There's a reason MMORPG players use the term "trash" to describe the stuff that leads up to raid bosses: it's missing all the great rewards, and it's almost always lame. It's junk, in other words, junk that pads the time between the good parts. Red Zebra Games clearly knows the score, because Raid Leader [99¢] skips right past the trash to bring us nothing but the good stuff—intense, white-knuckled battles.

As we pointed out in our preview, the big picture will look familiar to Battleheart [$2.99] fans. But it's the little details that get this recovering World of Warcraft addict's heart a-fluttering. There was a time when damage number spam, health bars and massively telegraphed attacks were my bread and butter, and boy do they come out in force here.

Before I get your hopes up, though, let me be clear. This isn't the next Battleheart, and it's not raiding in World of Warcraft. It's far, far simpler than either. If you're looking for a deeply strategic RTS-RPG, this might be a bit casual for your tastes, but it's a potent combo for those of us nursing fond memories of raiding.

Raid Leader lacks Battleheart's big list of classes, levels and loot. Instead it has bosses, and the three things any proper team needs to defeat them: a tank, a DPS class, and a healer (in the forms of the Knight, Hunter and Priest). Each of them has a bevy of skills to unlock and choose from, and choose you must, because each character can only bring two skills into battle. You might want to deal damage, snare and buff with one character, but you have to pare that down to the skills you really need. That's half the game's strategy right there.

The other half is the battles themselves. There are fifteen levels in total, with 2 arenas, 8 original bosses and a powered-up heroic version of all but the last. These have minions, lasers, death zones and many other familiar tricks, requiring priority targeting, clever positioning and quick reflexes. Lest you think I'm being irresponsible with my WoW comparisons, by the way, one of those bosses is nearly a one-to-one clone of Karsh Steelbender from the most recent expansion. Not that I mind. It just feels a little too much like coming home, if you know what I mean.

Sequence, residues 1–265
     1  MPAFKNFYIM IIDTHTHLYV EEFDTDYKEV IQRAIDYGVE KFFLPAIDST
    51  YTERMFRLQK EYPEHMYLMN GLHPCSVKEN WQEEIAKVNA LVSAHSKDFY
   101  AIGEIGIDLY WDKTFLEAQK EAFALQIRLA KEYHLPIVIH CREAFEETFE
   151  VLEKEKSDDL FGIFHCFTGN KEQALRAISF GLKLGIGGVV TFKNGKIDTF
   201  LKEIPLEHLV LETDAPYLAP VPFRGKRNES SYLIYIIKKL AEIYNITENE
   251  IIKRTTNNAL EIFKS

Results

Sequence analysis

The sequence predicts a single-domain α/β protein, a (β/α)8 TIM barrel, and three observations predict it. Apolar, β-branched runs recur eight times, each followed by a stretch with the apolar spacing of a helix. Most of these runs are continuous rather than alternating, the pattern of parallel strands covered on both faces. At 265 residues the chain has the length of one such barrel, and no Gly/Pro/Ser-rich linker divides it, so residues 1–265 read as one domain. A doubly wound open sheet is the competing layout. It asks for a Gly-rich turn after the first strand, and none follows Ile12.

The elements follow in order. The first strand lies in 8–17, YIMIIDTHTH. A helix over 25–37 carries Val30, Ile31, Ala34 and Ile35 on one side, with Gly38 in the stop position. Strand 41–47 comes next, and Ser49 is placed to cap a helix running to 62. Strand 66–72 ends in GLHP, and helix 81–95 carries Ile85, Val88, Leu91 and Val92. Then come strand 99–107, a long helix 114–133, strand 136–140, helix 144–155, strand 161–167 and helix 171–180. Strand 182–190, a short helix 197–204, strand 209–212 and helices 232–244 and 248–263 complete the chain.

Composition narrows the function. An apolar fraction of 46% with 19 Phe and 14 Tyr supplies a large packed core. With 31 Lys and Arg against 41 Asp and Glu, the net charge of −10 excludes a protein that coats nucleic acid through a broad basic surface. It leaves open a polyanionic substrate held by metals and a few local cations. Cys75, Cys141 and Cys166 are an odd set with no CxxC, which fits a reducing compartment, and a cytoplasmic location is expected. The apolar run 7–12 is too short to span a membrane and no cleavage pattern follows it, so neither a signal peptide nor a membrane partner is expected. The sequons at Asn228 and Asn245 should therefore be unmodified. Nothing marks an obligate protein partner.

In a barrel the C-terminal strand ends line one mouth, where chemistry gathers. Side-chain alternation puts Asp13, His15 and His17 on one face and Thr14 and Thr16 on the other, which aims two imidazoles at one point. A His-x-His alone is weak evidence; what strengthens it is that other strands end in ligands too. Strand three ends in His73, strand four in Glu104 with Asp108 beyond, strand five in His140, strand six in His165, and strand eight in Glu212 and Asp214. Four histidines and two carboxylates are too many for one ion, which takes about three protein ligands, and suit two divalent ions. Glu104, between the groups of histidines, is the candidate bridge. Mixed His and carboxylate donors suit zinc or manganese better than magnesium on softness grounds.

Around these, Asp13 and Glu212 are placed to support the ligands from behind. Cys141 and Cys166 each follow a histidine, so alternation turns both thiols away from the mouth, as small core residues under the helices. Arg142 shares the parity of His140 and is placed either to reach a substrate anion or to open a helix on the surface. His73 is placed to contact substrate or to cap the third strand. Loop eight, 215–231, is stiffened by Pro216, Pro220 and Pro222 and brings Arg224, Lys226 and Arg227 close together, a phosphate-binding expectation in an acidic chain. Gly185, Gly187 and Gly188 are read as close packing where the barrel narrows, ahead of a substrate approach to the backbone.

Your survival depends on two things: how well you've chosen and upgraded your skills, and how well you can pay attention and perform. It also helps to have a basic understanding of MMORPG-style battles. You'll have an easier time if you already know that the tank should keep the enemies' backs to his team, or when to toss a heal-over-time and switch targets. Admittedly, though, knowing too many tricks takes a little fun out of figuring out the right strategies for each fight, especially when kiting works so effectively.

Because of this, the game sometimes fails to straddle the line between too easy and too hard. Executing a strategy is often fairly simple, because the bosses never have more than three or four plainly timed and well-telegraphed abilities. You'll never have serious trouble figuring out how to handle an encounter when anything tricky is explained on screen.

You'll still run into plenty of difficulty, though. Two things will conspire to stop you no matter how well you can plan. The first is the somewhat-awkward touch controls. Like in Battleheart, you drag one hero to another to heal or attack, and drag your heroes around the screen to move them. Because those two actions are so similar, you may occasionally find the game mixing up your intent. Worse, though, is the way the controls sometimes lead to deaths-by-Notification-Center. Those probably can't be helped, but that doesn't keep them from being frustrating.

The second big roadblock is the enrage timer most bosses sport. This isn't a problem, it's a classic MMORPG mechanic. Three or four minutes into a fight, the boss becomes immensely more powerful. This isn't designed to kill you instantly, but it does keep you from flinging yourself at a boss for ages if you're not powerful enough to defeat it. In Raid Leader, you're not going to run down the clock because you haven't leveled enough or hit the right gear level. Instead, it's your skills that can fall behind.

The three classes each get eight or nine skills to play with. These include a healthy mix of class-appropriate heals, attacks, buffs, debuffs and so on. You can pay out the coins you earn from defeating bosses to upgrade them up to four times each. If you're a better player than I am you might be able to get by with nothing more than the coins you earn from each boss. I rather doubt it, though. It gets seriously tough to pump out enough damage to beat the enrage even when you're doing well. If you hit a wall and decide you need more coins, you have two options: grind or pay.